“I am a disabled, queer Jew with invisible disabilities such as ADHD—and I have faced a lot of challenges and successes with my identity. I struggled a lot with self-acceptance and finding a balance between my Judaism and two other identities that aren't often discussed in the Jewish community. It took me a long time to figure out how they all interconnect and make me, me. I can honestly say, now that I have figured that out, I have never felt better and more complete.
The Simmons Hillel community has supported me by accepting me as both a person with a unique perspective and as a member of our Jewish community. I have always felt welcomed and accepted no matter what, and felt like I was valued in that space.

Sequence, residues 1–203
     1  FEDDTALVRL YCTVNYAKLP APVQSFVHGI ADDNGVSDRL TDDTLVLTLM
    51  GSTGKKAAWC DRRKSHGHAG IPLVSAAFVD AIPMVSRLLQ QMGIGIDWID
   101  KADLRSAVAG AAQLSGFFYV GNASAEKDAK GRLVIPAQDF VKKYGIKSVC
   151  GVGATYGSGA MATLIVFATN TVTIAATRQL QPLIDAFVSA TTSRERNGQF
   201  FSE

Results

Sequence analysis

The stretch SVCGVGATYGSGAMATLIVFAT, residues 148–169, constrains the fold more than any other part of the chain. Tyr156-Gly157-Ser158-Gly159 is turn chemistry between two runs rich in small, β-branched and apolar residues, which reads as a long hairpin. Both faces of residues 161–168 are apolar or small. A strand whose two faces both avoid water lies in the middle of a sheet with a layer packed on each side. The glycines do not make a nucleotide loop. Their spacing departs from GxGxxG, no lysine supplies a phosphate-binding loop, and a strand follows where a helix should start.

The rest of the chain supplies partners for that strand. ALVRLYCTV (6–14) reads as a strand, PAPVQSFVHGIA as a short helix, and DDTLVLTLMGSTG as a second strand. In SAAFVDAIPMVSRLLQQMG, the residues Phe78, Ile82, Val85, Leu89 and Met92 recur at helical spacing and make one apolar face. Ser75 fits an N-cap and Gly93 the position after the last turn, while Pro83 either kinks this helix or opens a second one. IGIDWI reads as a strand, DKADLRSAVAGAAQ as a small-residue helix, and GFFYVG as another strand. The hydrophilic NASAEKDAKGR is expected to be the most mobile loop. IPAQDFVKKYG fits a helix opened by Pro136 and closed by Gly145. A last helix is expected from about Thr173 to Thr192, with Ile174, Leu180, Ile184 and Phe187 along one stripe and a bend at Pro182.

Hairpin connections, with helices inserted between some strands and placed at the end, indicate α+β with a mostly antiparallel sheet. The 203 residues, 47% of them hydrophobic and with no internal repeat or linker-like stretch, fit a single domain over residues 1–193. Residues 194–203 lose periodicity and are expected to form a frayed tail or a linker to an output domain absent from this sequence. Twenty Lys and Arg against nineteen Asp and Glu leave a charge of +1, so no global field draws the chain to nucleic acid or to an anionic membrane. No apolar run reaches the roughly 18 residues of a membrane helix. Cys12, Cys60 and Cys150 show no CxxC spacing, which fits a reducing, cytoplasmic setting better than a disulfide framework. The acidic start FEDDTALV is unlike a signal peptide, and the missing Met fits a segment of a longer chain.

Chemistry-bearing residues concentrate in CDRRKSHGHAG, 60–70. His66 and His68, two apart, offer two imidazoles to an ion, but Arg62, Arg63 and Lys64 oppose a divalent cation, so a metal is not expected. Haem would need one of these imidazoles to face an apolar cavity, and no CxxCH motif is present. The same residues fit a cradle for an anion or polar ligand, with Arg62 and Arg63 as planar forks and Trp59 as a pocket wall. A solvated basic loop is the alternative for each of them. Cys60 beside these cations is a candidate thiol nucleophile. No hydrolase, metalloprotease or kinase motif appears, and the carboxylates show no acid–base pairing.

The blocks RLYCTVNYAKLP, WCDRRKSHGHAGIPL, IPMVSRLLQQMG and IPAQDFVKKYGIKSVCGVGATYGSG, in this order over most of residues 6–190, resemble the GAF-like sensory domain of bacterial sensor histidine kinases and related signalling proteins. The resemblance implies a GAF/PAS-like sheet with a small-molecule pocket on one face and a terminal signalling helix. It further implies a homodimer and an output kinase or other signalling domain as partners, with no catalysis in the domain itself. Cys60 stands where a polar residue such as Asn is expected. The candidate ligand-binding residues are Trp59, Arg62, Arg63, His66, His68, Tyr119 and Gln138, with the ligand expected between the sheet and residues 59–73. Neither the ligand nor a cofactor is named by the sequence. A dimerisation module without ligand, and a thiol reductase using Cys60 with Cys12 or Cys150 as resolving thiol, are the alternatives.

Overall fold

I would say my favorite Hillel memory is from one of the first events I went to at Simmons. It was a challah-making event and is still one of my favorite Hillel memories. The dough was pre-made but we braided, decorated, and baked it and it was a lot of fun.
I think that I have grown more comfortable with myself and my identity in college. I would tell other queer Jews to find your people. It can be hard to navigate but you will find your own people who accept you no matter what and that is so important. And to other disabled Jews, I would tell them to believe in themselves. Being disabled in any way—invisible or visible—is incredibly difficult, but there’s so much waiting for you on the other side of whatever you’re going through right now.” — Sasha Green-Kaberman, Simmons University, as told to Maddie Solomon